Jerry D. Hedden
and 1 contributors


Term::YAPI - Yet Another Progress Indicator


 use Term::YAPI;

 # Synchronous progress indicator: .o0o.o0o.o0o.
 my $yapi = Term::YAPI->new('type' => 'dots', 'yapi' => [ qw(. o 0 o) ]);
 $yapi->start('Working: ');
 foreach (1..10) {

 # Asynchronous (threaded) incrementing counter
 my $yapi = Term::YAPI->new('type' => 'count', 'async' => 1);
 $yapi->start('Waiting 10 sec.: ');


Term::YAPI provides progress indicators on the terminal to let the user know that something is happening. The indicator can be in incrementing counter, or can consist of one or more elements that are displayed cyclically one after another.

The text cursor is hidden while progress is being displayed, and restored after the progress indicator finishes. A $SIG{'INT'} handler is installed while progress is being displayed so that the text cursor is automatically restored should the user hit ctrl-C.

The progress indicator can be controlled synchronously by the application, or can run asynchronously in a thread.

my $yapi = Term::YAPI->new()

Creates a new synchronous progress indicator object, using the default twirling bar indicator: / - \ |

my $yapi = Term::YAPI->new('type' => 'XXX');

The 'type' parameter specifies the type of progress indicator to be used:

'type' => 'anim'

An animated indicator - defaults to the twirling bar indicator. This is the default indicator type.

'type' => 'dots'

A character sequence indicator - defaults to a line of periods/dots: .....

'type' => 'count'

An incrementing counter that starts at 0.

'type' => 'countdown'

An decrementing counter. The starting value is specified using a (mandatory) 'from' parameter:

 my $yapi = Term::YAPI->new('type' => 'countdown', 'from' => 15);
my $yapi = Term::YAPI->new('yapi' => $indicator_array_ref)

The 'yapi' parameter supplies an array reference containing the elements to be used for the indicator. Examples:

 my $yapi = Term::YAPI->new('yapi' => [ qw(^ > v <) ], 'type' => 'anim');

 my $yapi = Term::YAPI->new('yapi' => [ qw(. o O o) ]);   # Either type

 my $yapi = Term::YAPI->new('yapi' => [ qw(. : | :) ]);   # Either type

This parameter is ignored for 'type' => 'count' indicators.

my $yapi = Term::YAPI->new('async' => 1);

Creates a new asynchronous progress indicator object.

my $yapi = Term::YAPI->new('erase' => 1);

Indicates that the entire line occupied by the indicator is to be erased when the indicator is terminated.


Sets up the interrupt signal handler, hides the text cursor, and prints out the optional message followed by the first progress element. The message defaults to 'Working: '.

For an asynchronous progress indicator, the progress elements display at one second intervals.


Displays the next progress indicator element.

This method is not used with asynchronous progress indicators.


Prints out the optional message (defaults to 'done'), restores the text cursor, and removes the interrupt handler installed by the ->start() method (restoring any previous interrupt handler).


Terminates the indicator as with the ->done() method, and prints out the elapsed time for the indicator.


Terminates the indicator, and erases the entire line the indicator was on.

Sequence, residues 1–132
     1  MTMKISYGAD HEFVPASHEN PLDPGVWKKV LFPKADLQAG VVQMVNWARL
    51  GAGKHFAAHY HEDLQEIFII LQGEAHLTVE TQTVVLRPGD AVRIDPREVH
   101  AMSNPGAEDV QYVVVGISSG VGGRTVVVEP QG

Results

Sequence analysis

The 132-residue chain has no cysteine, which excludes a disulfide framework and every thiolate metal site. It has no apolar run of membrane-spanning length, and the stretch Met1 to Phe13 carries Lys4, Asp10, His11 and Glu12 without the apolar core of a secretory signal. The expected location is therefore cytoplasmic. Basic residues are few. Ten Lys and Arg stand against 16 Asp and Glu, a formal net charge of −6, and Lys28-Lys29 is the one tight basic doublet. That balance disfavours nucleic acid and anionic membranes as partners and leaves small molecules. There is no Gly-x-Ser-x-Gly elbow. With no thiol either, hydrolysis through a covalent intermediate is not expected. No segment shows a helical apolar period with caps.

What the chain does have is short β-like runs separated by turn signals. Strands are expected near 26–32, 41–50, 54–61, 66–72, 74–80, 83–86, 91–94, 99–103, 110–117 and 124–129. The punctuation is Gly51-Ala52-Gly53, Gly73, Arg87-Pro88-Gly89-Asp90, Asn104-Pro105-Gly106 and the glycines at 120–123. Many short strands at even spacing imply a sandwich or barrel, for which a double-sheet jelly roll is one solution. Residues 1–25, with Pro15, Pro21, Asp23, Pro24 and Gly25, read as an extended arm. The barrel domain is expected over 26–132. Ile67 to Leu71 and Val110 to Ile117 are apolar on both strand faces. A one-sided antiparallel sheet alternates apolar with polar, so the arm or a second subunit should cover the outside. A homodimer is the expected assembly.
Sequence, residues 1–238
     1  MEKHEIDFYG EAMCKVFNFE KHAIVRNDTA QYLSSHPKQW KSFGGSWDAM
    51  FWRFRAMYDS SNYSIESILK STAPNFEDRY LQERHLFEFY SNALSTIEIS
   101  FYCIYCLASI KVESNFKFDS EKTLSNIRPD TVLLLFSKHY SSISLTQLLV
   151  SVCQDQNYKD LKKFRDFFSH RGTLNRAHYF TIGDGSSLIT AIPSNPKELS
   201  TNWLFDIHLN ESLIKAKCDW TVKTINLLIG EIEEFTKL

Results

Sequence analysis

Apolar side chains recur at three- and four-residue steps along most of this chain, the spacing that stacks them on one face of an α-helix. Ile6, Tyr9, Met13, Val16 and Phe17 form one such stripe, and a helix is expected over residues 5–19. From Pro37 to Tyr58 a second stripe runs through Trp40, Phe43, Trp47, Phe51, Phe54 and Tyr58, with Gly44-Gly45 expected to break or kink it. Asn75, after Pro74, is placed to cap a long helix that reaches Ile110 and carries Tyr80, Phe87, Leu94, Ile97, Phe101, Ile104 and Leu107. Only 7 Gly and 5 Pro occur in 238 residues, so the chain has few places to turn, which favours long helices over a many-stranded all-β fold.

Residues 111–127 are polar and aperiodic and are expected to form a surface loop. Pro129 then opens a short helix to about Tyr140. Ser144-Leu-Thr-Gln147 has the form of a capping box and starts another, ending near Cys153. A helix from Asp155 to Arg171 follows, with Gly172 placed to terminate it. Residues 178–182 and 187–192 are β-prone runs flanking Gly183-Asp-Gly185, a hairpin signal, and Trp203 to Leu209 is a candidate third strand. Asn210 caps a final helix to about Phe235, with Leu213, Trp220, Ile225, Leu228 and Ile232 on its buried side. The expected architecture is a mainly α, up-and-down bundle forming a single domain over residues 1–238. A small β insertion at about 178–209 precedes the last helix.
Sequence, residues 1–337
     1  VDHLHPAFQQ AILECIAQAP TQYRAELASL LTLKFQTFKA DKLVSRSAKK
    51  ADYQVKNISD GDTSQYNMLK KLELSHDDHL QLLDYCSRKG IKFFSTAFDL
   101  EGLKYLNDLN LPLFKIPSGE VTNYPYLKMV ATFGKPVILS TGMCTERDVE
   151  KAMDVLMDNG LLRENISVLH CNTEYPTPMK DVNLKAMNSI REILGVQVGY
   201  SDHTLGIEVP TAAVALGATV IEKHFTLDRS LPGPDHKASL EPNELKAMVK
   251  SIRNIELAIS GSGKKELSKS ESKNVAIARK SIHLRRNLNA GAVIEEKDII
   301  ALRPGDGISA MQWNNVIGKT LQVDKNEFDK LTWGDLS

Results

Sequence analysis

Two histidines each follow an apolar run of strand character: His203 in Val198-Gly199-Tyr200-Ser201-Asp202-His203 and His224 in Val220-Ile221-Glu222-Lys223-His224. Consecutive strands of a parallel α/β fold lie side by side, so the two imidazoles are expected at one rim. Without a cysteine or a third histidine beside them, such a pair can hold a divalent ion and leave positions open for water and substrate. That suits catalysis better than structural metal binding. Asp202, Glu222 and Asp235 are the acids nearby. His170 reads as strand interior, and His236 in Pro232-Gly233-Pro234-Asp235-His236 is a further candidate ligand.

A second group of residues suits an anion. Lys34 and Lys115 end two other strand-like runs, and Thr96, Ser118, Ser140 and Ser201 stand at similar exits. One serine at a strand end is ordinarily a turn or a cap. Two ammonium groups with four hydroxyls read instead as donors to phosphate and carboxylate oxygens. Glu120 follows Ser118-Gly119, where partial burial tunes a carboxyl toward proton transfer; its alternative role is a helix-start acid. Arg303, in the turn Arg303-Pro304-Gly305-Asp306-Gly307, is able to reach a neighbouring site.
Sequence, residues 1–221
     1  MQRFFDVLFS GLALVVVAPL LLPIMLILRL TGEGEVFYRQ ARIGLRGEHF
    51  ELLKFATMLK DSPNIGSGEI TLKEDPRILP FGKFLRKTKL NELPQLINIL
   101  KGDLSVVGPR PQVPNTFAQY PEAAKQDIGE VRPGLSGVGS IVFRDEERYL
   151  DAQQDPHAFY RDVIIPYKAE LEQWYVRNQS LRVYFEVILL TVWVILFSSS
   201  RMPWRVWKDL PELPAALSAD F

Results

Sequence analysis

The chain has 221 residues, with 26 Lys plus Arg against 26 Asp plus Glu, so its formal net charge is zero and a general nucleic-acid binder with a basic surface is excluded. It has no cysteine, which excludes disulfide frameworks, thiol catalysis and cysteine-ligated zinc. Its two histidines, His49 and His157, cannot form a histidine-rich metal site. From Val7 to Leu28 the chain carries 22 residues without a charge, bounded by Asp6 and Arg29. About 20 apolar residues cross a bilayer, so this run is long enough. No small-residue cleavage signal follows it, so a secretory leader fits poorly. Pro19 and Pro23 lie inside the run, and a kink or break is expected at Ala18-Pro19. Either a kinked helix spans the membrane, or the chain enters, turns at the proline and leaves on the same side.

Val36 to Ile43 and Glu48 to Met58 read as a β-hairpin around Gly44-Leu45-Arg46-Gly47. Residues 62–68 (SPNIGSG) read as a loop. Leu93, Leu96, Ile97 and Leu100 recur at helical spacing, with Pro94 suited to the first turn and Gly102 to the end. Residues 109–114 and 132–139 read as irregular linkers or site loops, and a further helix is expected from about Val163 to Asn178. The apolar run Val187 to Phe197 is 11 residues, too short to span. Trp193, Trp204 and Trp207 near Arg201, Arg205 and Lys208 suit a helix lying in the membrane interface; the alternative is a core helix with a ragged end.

The progress indicator object is reusable. In other words, after using it once, you can use it again just by using $yapi->start($start_msg).


Term::YAPI will even support using ANSI color sequences in the progress indicator elements:

 use Term::YAPI;
 use Term::ANSIColor ':constants';

 my $l = BOLD . BLUE . '<' . RESET;
 my $r = BOLD . BLUE . '>' . RESET;
 my $x1 = RED . '.' . RESET;
 my $x2 = RED . 'o' . RESET;
 my $x3 = RED . '0' . RESET;

 my $yapi = Term::YAPI->new('type' => 'anim',
                            'yapi' => [ "$l$x1    $r",
                                        "$l $x2   $r",
                                        "$l  $x3  $r",
                                        "$l   $x2 $r",
                                        "$l    $x1$r",
                                        "$l   $x2 $r",
                                        "$l  $x3  $r",
                                        "$l $x2   $r" ],
                            'async' => 1);

 $yapi->start(GREEN . 'Watch this ' . RESET);
 $yapi->done(YELLOW . '- cool, eh?' . RESET);


The following will install under the Term directory in your Perl installation:

 cp `perl -MConfig -e'print $Config{privlibexp}'`/Term/

or as part of the Object::InsideOut installation process:

 perl Makefile.PL
 make yapi
 make install


Works, as is, on xterm, rxvt, and the like. When used with MSDOS consoles, you need to add the :MSDOS flag to the module declaration line:

 use Term::YAPI ':MSDOS';

When used as such, the text cursor will not be hidden when progress is being displayed.

Generating multiple progress indicator objects and running them at different times in an application is supported. This module will not allow more than one indicator to run at the same time.

Trying to use asynchronous progress indicators on non-threaded Perls will not cause an error, but will only display 'wait...'.


Object::InsideOut, threads, Thread::Queue


Jerry D. Hedden, <jdhedden AT cpan DOT org>


Copyright 2005 - 2009 Jerry D. Hedden. All rights reserved.

This program is free software; you can redistribute it and/or modify it under the same terms as Perl itself.